Randy Weiss: Dos Pueblos Little League’s Steve Buratto a True All-Star in Sport, Life | Sports

We interrupt all the year-end Top 10 Lists for this Special “Inside-the-Baseball-Lines” Report.

Today, we spotlight one of many unassuming champions who help make our world a better place. Especially right here at home, in The Good Land of Goleta.

Like Dr. Steve Buratto, who has scored an incredible 20-year (and counting) run in helping local kids and the Dos Pueblos Little League.

“Coach Buratto just led the Junior All Stars (ages 13-14) to a Top Five finish in the state of California,” said Dr. Dan Brennan, DPLL board president.

Ralph Randall, a fellow longtime DPLL volunteer coach, commended his commitment.

“Dedicated to the Dos Pueblos Little League youth, Steve’s sons are long gone, and he still puts in the time to coach a regular season team, a club team in the off-season … and the everyday requirements and travel of the all-star program,” he said.

Buratto has hit it out of the park — from coaching in every division … to umpiring … serving as board director … hosting coaching clinics … to conducting umpire workshops — and always with an upbeat manner to ensure a fun, educational learning experience. And all of it benefitting thousands of young athletes growing up on these storied Goleta baseball fields.

“Steve started coaching when our elder son, Will, was age 5,” said his wife, Laura, a sixth-grade teacher at La Patera School. “And Will is now 25. The 20 years have flown by!”

And coaching, one could say, is in the Buratto bloodlines, as his dad (also Steve) is a decorated high school and champion Canadian Football League coach.

The younger Buratto was a multisport athlete growing up in Idaho in a loving family that includes younger sisters Jill and Dina. He later played football at the University of Puget Sound in Tacoma, Wash., where he majored in chemistry.

With his bachelor’s degree and the gridiron behind him, his next stop was prestigious Caltech for a Ph.D. in chemistry.

It was there in Pasadena where he met Laura in 1988 while she was pursuing teaching credentials. They married in 1990 and soon trekked to New Jersey for his post-doctorate work with AT&T Bell Laboratories.

In 1994, Buratto landed a primo UC Santa Barbara chemistry professorship. For his wife, it was a return to her warmer California roots. Their growing family at the time included son Will, then just a year old.

Son Daniel was born in 1996 and daughter Rebecca arrived two years later.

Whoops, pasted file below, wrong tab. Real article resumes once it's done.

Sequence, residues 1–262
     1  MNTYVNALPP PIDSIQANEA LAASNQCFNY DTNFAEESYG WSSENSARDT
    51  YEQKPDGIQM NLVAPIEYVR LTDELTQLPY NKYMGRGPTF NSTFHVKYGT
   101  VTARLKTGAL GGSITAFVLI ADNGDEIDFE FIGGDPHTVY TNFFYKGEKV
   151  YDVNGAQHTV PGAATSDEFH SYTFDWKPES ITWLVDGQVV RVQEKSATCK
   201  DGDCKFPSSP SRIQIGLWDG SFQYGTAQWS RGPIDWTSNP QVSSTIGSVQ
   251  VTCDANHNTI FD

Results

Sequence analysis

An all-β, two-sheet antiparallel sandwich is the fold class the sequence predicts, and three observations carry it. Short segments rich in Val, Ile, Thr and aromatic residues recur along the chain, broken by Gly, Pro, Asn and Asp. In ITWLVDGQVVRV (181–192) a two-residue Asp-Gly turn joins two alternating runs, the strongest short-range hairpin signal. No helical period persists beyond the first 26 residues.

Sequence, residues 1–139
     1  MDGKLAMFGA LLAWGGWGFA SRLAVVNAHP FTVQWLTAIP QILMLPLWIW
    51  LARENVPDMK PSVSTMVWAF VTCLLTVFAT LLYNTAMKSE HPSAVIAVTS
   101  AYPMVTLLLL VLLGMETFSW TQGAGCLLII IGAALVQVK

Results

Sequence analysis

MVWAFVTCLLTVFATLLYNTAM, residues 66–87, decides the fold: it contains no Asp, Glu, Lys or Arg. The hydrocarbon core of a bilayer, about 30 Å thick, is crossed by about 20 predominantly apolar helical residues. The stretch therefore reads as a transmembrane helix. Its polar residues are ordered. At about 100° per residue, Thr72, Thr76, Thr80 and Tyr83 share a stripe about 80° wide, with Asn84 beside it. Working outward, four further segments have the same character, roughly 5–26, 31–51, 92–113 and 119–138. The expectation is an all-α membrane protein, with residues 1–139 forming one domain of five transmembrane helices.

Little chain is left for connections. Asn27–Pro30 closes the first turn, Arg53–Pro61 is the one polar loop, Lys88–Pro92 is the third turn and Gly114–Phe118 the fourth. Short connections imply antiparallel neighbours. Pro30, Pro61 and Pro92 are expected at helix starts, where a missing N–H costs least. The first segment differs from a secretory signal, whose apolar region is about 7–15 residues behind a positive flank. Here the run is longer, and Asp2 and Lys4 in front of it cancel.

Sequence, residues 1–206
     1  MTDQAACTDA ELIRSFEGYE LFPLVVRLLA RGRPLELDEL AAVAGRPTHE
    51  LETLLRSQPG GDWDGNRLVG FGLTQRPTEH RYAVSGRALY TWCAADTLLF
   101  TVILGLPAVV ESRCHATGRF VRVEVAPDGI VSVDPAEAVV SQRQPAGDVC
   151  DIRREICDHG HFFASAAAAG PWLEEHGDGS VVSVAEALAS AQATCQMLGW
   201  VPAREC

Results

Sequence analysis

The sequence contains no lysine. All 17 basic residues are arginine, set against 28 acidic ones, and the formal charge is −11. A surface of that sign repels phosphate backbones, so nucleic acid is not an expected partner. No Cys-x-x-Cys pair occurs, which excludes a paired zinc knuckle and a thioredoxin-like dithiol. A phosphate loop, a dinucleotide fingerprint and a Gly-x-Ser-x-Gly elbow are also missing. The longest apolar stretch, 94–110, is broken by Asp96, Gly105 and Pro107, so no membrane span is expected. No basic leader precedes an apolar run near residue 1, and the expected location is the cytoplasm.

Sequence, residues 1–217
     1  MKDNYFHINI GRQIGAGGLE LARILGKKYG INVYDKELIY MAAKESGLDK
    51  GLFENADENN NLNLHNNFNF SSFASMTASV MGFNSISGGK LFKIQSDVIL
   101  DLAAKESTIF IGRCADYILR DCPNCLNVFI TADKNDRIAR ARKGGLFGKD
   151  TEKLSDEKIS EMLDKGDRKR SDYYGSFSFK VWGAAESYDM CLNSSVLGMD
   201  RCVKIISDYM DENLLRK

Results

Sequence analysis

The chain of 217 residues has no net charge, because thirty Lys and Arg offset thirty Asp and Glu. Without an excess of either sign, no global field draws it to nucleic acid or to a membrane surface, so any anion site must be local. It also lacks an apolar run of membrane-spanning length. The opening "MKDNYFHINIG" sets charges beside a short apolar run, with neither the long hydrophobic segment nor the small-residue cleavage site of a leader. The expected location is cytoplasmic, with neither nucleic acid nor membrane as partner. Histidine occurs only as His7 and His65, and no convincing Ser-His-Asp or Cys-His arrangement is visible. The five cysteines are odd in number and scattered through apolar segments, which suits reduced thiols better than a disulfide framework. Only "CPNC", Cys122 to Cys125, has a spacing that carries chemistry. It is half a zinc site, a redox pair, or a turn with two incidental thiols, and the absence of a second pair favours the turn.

When Will was age-eligible for Tee-Ball, Buratto stepped up to coach — and he’s been helping ever since. His much-valued impact goes well beyond baseball.

“Steve took me under his wing years ago, and I have always been impressed with his deep understanding of the game and attention to detail,” Brennan shared.

“He helps his players become better athletes on the field, and better individuals off it. They learn how to compete, and it translates into valuable life lessons —the importance of always giving your best effort, keeping a positive attitude and displaying good sportsmanship at all times.

“We are so fortunate to have Steve Buratto at DPLL.”

Other colleagues were just as effusive.

“Steve is definitely an energetic and positive guy,” offered Dan Rohde, former DPLL coach and now a volunteer assistant coach for the Dos Pueblos High varsity baseball team.

“He likes the in-depth statistics and his favorite quote to the kids is being ‘results-oriented,’” added Lee Speyshock, a Goleta Valley Junior High physical education teacher and DPLL assistant coach. “He wants his players best prepared for the many opportunities before them.”

Brennan provided more specifics.

“A few summers back, I was managing an all-star team in a sectional tournament in Lompoc,” he said. “Before the game, Steve handed me several pages of detailed strategy notes — where to position players on defense, how to approach certain batters, etc. He was right on, and doing ‘the analytics’ before everyone else.”

Much like in the baseball book and flick, Moneyball.

Beyond his extensive work and volunteer commitments, Buratto still makes the time to travel to catch Daniel, now age 22, play baseball for Bowling Green University and watch Becca play soccer for the University of Idaho, her grandfather’s alma mater.

Will is following in the big footsteps of his dad, who chairs UCSB’s Department of Chemistry and Biochemistry. Will is attending the University of Florida and focused on the family’s second Ph.D. in chemistry. He’s been a volunteer DPLL coach and with the DP Chargers freshman baseball team.

“My dad has had a strong impact on me, my family and the DPLL community,” he said.

“He’s shown all of us the value of hard work, dedication, and passion. He’s been a great role model for me, and I am very proud to be his son.”

And what’s on deck for Dad in 2019?

“Steve just signed on to be the DP Chargers junior varsity head coach,” Rohde said. “It’s a great fit as he’ll be working with many of the same players he coached in Little League.”

“And we’re all hoping he stays involved for his 21st DPLL season,” Brennan added.

Safe to say that Dr. Steve Buratto is one busy guy, a quiet community builder who is a real student — and true professor — of the game of baseball, and of life.

— WeissCrax columnist Randy Weiss is a longtime Noozhawk contributing writer. In the interest of full journalistic disclosure, he also works for a local financial institution that is a longtime sponsor of the Santa Barbara Athletic Round Table Monday Media Luncheons. Click here to read previous columns. The opinions expressed are his own.